Schmidt Shuts Door On Dividends, (Most) Acquisitions

Wants to "let the cash pile up"

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Investors hoping for a little extra money – and small startups hoping for a lot – are going to need to find someone or something other than Google to provide it.  The search giant’s CEO said yesterday that he intends to let his company’s checkbook collect a little dust. 

Eric Schmidt

You’ll no doubt remember that Google used to snap up businesses left and right.  Occasionally the deals were useful (Android); every so often they turned into dead ends (Dodgeball, Jaiku).  But Google spent millions upon millions of dollars, behaving like some sort of corporate Hoover.

Eric Schmidt informed Reuters at the Wall Street Journal’s ECO:nomics conference that he’ll now stick to "very very conservative investments" instead.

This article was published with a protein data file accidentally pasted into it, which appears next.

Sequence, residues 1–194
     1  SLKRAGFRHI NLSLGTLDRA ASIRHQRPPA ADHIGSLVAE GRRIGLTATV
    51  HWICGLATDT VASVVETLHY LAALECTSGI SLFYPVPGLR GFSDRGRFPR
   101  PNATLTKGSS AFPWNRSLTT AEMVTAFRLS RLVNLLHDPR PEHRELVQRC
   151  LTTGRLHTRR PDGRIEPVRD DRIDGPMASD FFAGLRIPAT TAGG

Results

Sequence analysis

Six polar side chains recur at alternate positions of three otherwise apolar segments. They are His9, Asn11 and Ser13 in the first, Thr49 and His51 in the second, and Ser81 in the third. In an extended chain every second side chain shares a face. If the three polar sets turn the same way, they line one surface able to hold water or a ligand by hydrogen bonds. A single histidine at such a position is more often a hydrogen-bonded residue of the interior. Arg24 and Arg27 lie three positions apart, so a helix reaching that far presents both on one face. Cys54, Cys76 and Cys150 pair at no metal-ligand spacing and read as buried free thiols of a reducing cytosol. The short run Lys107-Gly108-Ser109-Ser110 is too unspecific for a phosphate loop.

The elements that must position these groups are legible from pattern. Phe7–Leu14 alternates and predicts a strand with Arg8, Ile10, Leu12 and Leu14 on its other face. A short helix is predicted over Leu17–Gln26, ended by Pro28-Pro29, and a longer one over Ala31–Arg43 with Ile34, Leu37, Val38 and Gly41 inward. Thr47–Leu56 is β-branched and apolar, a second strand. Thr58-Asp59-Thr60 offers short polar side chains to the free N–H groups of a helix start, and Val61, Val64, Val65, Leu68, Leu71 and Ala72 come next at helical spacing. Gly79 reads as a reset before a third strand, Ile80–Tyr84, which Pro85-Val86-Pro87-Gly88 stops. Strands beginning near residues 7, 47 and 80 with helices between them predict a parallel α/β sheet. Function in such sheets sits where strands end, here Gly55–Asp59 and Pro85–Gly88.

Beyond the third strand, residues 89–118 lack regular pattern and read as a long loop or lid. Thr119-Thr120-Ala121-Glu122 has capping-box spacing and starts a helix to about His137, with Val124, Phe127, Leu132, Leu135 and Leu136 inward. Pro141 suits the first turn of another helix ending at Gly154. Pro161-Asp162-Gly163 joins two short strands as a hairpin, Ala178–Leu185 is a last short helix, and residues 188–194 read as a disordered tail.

He also stated, "We’ve not really discussed a dividend payment.  At the moment our view is to let the cash pile up."  Which may disappoint people who’ve stuck by as the stock dropped from a 52-week high of 602.45 to its current price of 315.49.

Still, this stinginess doesn’t necessarily signify something bad.  Onlookers have long pushed for Google to grow less acquisition-happy, and, well, the company’s never offered shareholders a dividend.  A comment Schmidt made to CNBC is encouraging, too; in regards to revenue, the CEO said, "From my perspective it’s hard to imagine why you’d see a decline."

Schmidt Shuts Door On Dividends, (Most) Acquisitions
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